Adelaide dwelling values held reasonably steady over the June quarter, down 0.2% as a result of a weaker performance across the unit sector. Detached housing showed a much stronger result, with values up half a percent over the June quarter to be 2.7% higher over the past twelve months compared with a 1.3% fall across the unit sector over the year.  Selling conditions have improved substantially across Adelaide over the year, with homes now selling in 44 days on average, compared with 52 days a year ago, as well as an improvement in vendor discounting rates.


The Perth housing market recorded a steady performance over the June quarter, with house values unchanged while unit values edged 0.6% higher.  The positive movements in dwelling values over the June quarter come as transaction numbers also trend higher.  The first half of 2017 recorded 2.3% more sales compared with the first half of 2016, indicating an improvement in buyer demand, albeit from a low base.  Despite the subtle rise in Perth dwelling values, rental markets remain subdued, with house rents down 1.2% over the June quarter and unit rents falling 1.8%.


Hobart’s housing market growth trend took a pause over the June quarter.  CoreLogic’s home value index showed a 1.3% fall in Hobart values over the past three months, however other indicators continue to suggest the Hobart market is likely to show a further rise in dwelling values over a longer term.  Property sales were 11% higher over the first half of 2017 compared with the same period a year ago and vendor metrics have seen a substantial improvement.  Vendors are discounting their asking prices by only 4% on average and homes are selling in an average of 38 days.


The Darwin housing market recorded a 5.2% fall in dwelling values over the June quarter, with the result being pulled lower by a sharp fall in the unit market index. The annual fall in Darwin dwelling values was 7%.  Despite the weak value conditions, transaction numbers were almost 20% higher over the first of 2017 compared with the same period in 2016, suggesting buyer demand is picking up from a low base.


Canberra dwelling values slipped 0.4% lower over the June quarter, but remain almost 10% higher over the past twelve months, highlighting the strong growth trend that has been evident across the city prior to the June quarter.  Despite the softer capital gain result, housing demand appears to be strong across Canberra.  Dwelling sales were 11% higher over the first half of 2017 compared with 2016, discounting rates were averaging just 3.6% and the average selling time was just 40 days.

Overall, CoreLogic’s June data indicates the housing market is transitioning, with the rate of capital gains moderating across what have been the hottest markets, while other cities continue to offer up a diverse performance.

Sydney and Melbourne dwelling values are now five years into one of the strongest growth phases on record.  Sydney dwelling values have surged 79% higher since values started rising in June 2012 and Melbourne dwelling values are up 60% over the same time frame.  Prospective home buyers and regulators are likely to welcome a controlled slowdown in these markets.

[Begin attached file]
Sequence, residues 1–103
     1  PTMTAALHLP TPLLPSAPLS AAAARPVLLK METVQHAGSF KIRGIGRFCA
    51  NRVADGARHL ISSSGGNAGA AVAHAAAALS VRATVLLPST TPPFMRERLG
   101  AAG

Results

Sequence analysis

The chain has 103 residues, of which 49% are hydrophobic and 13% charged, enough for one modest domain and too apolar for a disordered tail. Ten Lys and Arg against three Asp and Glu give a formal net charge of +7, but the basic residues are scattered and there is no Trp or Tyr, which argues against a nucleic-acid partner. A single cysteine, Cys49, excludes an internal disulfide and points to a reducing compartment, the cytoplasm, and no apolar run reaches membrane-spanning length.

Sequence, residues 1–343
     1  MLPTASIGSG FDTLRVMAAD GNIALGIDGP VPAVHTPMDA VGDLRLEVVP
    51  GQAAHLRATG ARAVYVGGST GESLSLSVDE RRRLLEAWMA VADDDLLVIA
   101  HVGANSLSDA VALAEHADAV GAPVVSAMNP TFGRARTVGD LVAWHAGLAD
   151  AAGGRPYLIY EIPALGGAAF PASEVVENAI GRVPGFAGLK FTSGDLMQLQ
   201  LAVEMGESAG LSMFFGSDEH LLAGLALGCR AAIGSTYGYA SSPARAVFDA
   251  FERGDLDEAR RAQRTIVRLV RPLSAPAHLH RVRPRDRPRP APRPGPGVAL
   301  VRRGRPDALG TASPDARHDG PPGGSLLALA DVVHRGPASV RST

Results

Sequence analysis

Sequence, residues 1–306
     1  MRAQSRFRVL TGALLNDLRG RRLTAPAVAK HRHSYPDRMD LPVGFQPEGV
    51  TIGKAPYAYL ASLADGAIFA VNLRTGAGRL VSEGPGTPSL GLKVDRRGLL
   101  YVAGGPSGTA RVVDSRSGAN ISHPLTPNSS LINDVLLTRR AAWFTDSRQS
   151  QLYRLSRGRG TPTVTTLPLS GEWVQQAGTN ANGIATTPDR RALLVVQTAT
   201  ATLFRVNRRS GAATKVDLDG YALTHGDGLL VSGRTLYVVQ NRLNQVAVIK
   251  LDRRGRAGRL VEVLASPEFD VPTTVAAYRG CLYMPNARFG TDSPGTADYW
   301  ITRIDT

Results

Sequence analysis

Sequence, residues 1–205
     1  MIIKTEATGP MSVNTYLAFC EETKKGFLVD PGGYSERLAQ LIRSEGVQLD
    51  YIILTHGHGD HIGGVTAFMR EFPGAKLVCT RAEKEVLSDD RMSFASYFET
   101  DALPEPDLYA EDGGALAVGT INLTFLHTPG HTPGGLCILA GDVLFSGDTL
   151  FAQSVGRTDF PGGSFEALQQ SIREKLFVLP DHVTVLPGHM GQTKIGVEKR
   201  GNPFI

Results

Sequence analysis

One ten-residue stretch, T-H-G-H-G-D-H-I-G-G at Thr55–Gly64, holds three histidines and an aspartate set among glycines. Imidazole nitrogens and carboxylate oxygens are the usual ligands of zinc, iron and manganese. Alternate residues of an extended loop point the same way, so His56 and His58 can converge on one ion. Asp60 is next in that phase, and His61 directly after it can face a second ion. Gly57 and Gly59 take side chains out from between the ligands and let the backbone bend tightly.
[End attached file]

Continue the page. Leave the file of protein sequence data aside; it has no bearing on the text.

The slowing growth conditions can’t be tied to one particular factor.  The reduction in growth rates is due to a variety of factors including the recently announced macroprudential changes from APRA, higher mortgage rates, particularly for investors, worsening affordability and a general reduction in consumer confidence.

We are yet to see the full effects of the APRA decision to limit interest only lending to 30% of new originations.  There is some way to go before lenders meet this new lending speed limit, and it’s likely that mortgage rates will rise further despite a stable cash rate setting from the RBA.

Discounted variable mortgage rates for investors, based on data to the end of May, are already 35 basis points higher than their recent 2016 low point.  With debt levels high and rental yields generally low, it’s likely that investors will continue to be further disincetivised by higher mortgage rates and stricter credit policies.

It’s clear that lending to investors has been easing since December last year.  The latest data from the Reserve Bank shows that housing credit growth for investment purposes has been easing since December last year which is well before the latest APRA intervention.  If mortgage rates continue to move higher, as we expect, we are likely to see a further slowdown in investment activity.

The latest figures from the Australian Bureau of Statistics indicate that investors comprised 47% of new mortgage originations which is the lowest proportion since October last year, but substantially higher than the long run average which is roughly one third.  As investment incentives deteriorate and first home buyer incentives kick in, it’s likely that investors will comprise a progressively smaller component of the housing market over the remainder of 2017.

The slowdown in investor numbers is likely to impact the Sydney housing market more than others simply because investors comprise a much larger proportion of the market than other regions.  The latest ABS housing finance data indicates investors still comprise 55% of mortgage demand across NSW.  Potentially we may see some investment demand deflect to other markets where rental yields are higher and capital gains are earlier in the cycle.

With the market evolving so rapidly, I recommend that you stay up to date on all the latest housing market research at